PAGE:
News Release

The FBI and Domestic Spying


Attorney General John Ashcroft is apparently planning to loosen safeguards that have restricted FBI surveillance of religious and political groups. The following critics of the move are available for interviews:

Nkechi Taifa is director of the Equal Justice Program at the Howard University School of Law. She said today: “Ashcroft would like us to trust the FBI with sweeping new powers. This is the FBI that tried to disrupt and destroy numerous nonviolent organizations ranging from the Southern Christian Leadership Conference to the Committee In Solidarity with the People of El Salvador to Students for a Democratic Society. This is the FBI that targeted Martin Luther King and framed Geronimo Pratt with murder. Although the claimed purpose of the Bureau’s COINTELPRO [Counterintelligence Program] action — which Ashcroft seems to want to revive and expand — was to ‘prevent violence,’ many of the FBI’s tactics were clearly intended to foster violence, and many others could reasonably have been expected to cause violence.”
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Glick is an associate professor of law at Fordham University and the author of War at Home: Covert Action Against U.S. Activists. Glick said today: “Ashcroft is not just proposing to drop the limits for spying on violent organizations — he wants to drop the limits, period. The FBI has a history of violating the legal limits; there is no telling what they might do without such limits. The document that launched the COINTELPRO operations against the black social movements directed FBI agents to ‘disrupt, misdirect, discredit or otherwise neutralize’ dissident movements. It’s not just the surveillance part of Ashcroft’s proposal that is worrisome; it’s the psychological operations, the false rumors, the planted media stories, forged documents and the infiltration of dissident groups that the people running the country dislike or fear.”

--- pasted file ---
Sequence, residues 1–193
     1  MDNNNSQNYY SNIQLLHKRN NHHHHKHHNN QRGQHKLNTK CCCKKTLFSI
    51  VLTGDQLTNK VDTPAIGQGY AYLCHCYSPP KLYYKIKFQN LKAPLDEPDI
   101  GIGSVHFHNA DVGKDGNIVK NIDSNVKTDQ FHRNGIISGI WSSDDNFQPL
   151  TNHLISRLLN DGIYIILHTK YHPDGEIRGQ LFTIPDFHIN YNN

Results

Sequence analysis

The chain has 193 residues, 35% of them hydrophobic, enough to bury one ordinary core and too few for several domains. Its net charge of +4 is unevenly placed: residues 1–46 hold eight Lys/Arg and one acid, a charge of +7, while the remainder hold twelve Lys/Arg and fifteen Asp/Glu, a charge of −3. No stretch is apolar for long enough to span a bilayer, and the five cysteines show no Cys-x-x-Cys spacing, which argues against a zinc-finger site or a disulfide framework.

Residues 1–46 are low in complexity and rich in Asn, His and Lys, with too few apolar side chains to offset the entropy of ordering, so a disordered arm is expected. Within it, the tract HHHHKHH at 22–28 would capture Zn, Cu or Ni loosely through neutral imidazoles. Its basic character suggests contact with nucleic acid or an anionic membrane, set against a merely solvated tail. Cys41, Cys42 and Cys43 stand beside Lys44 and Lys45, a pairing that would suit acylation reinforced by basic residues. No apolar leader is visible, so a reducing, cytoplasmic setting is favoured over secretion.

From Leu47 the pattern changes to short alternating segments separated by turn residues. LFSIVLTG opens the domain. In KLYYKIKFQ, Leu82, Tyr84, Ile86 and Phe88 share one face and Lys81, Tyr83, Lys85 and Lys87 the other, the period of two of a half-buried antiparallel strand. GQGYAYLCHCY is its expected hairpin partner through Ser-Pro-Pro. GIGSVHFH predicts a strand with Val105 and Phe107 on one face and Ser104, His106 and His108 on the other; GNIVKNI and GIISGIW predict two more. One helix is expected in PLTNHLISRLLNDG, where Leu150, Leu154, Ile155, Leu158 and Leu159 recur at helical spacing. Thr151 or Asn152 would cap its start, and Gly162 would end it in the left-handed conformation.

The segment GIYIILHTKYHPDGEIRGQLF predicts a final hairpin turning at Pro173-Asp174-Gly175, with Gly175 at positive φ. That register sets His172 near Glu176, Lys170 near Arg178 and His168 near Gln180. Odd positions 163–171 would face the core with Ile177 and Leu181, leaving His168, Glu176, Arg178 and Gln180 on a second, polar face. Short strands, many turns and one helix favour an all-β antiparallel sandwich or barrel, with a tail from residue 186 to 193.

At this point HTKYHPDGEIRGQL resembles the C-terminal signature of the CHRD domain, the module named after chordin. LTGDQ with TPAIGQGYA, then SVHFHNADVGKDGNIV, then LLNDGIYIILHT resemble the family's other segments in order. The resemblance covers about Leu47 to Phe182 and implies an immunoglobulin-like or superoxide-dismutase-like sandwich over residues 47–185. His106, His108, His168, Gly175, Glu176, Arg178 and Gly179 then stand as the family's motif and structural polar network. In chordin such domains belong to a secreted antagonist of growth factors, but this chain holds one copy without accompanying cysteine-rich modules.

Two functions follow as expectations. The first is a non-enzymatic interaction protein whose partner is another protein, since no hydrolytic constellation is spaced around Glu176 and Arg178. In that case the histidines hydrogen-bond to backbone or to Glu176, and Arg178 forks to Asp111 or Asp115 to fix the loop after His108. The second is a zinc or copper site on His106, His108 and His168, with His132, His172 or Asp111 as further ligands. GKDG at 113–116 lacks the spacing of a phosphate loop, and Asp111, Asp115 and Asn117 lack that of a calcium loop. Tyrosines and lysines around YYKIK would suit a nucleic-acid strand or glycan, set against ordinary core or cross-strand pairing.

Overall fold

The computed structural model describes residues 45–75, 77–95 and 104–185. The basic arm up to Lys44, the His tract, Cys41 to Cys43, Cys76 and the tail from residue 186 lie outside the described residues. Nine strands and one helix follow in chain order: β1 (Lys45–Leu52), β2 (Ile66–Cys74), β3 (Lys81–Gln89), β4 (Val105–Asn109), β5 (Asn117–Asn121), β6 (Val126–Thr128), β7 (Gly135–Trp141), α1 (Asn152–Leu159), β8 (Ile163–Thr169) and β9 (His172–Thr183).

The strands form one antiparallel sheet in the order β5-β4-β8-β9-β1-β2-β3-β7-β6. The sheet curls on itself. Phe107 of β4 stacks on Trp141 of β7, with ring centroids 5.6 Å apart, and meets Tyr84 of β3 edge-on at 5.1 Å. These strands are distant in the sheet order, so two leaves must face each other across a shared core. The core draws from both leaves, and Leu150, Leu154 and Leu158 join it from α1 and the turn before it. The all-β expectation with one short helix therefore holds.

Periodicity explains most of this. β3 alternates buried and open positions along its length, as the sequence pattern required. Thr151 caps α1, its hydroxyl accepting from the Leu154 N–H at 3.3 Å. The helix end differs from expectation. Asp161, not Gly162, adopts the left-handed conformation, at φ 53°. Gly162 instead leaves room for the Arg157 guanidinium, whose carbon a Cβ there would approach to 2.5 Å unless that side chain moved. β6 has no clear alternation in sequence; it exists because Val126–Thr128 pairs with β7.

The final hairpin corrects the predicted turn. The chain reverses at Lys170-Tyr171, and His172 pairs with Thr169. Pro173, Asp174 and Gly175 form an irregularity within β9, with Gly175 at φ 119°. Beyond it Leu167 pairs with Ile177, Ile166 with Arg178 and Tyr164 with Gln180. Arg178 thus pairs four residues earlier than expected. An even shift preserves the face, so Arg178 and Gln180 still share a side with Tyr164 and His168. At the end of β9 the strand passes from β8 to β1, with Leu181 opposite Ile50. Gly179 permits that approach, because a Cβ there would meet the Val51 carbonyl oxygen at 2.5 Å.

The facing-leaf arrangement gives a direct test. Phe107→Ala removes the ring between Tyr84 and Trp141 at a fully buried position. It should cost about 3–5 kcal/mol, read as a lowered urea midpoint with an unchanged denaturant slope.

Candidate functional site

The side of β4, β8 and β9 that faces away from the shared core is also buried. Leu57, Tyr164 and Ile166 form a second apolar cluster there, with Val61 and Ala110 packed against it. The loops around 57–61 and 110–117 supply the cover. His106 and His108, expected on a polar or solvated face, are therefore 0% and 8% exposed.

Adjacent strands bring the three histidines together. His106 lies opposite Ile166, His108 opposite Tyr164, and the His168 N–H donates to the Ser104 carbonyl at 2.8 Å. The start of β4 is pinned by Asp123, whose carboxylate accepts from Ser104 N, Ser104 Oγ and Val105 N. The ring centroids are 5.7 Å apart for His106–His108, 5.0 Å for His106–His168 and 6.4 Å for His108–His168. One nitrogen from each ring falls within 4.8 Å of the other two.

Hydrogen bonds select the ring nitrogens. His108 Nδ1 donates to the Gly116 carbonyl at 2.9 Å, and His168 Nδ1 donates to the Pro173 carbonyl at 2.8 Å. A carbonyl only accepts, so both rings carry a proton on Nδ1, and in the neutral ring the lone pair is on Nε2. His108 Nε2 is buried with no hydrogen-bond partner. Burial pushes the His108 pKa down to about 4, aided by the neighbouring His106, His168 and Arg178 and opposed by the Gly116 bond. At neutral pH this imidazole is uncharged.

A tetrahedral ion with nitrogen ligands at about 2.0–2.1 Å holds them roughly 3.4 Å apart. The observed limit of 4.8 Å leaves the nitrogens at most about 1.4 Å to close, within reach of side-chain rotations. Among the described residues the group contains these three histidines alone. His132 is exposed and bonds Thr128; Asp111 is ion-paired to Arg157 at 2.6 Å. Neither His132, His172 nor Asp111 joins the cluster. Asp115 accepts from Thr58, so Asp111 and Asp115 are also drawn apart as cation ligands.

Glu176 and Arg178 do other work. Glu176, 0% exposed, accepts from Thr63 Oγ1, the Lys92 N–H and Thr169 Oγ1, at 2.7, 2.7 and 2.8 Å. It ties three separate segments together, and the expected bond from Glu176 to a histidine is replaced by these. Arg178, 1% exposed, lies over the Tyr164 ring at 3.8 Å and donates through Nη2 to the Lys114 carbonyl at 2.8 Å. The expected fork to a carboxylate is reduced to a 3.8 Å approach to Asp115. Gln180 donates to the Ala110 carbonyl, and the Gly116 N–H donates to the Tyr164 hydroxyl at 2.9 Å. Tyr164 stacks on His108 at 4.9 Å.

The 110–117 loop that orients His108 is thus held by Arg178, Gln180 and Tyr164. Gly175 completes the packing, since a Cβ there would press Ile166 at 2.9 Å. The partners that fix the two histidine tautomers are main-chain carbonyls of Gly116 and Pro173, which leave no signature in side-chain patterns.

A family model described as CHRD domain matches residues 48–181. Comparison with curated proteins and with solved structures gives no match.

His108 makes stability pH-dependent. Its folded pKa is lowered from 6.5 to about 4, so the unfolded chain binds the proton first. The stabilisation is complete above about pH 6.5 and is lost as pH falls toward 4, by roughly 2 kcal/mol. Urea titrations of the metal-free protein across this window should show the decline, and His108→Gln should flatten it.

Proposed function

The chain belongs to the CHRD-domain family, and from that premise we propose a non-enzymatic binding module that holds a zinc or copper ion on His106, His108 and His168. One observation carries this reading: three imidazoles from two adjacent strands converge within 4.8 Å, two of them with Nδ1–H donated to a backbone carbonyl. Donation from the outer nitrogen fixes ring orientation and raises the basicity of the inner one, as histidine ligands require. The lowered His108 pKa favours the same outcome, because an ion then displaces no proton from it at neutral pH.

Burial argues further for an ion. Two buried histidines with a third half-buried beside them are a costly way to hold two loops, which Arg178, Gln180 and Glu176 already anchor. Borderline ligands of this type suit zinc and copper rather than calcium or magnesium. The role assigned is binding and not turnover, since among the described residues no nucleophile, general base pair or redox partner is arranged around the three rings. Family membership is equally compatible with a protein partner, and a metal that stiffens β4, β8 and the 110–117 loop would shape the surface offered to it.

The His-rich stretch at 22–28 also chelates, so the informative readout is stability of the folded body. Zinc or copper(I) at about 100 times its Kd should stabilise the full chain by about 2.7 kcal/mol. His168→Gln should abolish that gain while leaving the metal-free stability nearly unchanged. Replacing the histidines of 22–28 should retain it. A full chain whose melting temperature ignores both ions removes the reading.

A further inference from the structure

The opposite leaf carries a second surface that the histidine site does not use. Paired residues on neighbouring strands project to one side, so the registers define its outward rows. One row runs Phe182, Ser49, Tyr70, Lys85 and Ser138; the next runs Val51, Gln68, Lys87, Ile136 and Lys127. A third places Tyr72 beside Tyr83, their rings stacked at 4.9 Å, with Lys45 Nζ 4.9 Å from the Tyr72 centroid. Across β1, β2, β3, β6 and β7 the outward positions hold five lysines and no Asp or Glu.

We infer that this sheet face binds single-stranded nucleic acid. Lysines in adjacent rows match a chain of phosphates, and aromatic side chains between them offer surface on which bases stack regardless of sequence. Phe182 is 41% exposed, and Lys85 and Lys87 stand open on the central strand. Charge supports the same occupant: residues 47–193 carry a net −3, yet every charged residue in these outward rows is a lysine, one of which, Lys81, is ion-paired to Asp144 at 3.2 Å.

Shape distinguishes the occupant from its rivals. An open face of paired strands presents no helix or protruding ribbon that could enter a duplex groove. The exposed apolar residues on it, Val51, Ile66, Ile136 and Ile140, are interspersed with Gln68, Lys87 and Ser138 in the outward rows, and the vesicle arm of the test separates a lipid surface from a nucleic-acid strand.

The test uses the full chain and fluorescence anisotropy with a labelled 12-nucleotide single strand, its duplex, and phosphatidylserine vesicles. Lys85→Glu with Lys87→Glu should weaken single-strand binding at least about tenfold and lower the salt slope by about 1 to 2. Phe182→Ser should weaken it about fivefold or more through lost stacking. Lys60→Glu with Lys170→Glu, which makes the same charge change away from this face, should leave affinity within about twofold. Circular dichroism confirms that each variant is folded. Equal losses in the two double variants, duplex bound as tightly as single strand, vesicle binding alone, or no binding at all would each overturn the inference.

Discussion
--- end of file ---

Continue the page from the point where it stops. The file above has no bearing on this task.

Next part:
Senior analyst at Political Research Associates, Berlet is an author and paralegal investigator who studies illicit government surveillance. He said today: “Surveillance of dissidents across the political spectrum is now conducted through a loose network of government agencies, corporate security and private right-wing researchers…. By re-establishing a dynamic where any dissident group can be secretly accused of being linked to terrorism, and subject to disruption, the government opens the door to domestic covert operations that in the past led to orchestrated confrontations and killings.”
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Jim Redden is author of Snitch Culture: How Citizens Are Turned into the Eyes and Ears of the State. He said today: “Even before September 11, the government was running COINTELPRO-style operations against a coalition of radical labor, environmental, and human rights organizations opposed to corporate control of the global economy. The truth is, there’s a long and sordid history of government operatives committing the very crimes they are supposed to prevent and setting up dissidents with phony charges.”

For more information, contact at the Institute for Public Accuracy:
Sam Husseini, (202) 347-0020; David Zupan, (541) 484-9167